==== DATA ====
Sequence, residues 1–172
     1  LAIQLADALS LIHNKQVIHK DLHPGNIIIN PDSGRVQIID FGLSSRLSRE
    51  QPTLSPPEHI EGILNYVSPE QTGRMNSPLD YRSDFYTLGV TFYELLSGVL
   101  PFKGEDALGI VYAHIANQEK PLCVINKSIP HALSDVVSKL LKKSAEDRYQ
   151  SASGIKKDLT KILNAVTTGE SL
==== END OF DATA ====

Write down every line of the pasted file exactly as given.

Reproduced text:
Sequence, residues 1–172
     1  LAIQLADALS LIHNKQVIHK DLHPGNIIIN PDSGRVQIID FGLSSRLSRE
    51  QPTLSPPEHI EGILNYVSPE QTGRMNSPLD YRSDFYTLGV TFYELLSGVL
   101  PFKGEDALGI VYAHIANQEK PLCVINKSIP HALSDVVSKL LKKSAEDRYQ
   151  SASGIKKDLT KILNAVTTGE SL